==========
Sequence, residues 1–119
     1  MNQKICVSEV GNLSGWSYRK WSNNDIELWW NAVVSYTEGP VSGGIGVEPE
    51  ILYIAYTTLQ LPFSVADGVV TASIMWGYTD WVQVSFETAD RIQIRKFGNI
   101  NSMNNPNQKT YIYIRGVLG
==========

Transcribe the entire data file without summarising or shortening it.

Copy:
Sequence, residues 1–119
     1  MNQKICVSEV GNLSGWSYRK WSNNDIELWW NAVVSYTEGP VSGGIGVEPE
    51  ILYIAYTTLQ LPFSVADGVV TASIMWGYTD WVQVSFETAD RIQIRKFGNI
   101  NSMNNPNQKT YIYIRGVLG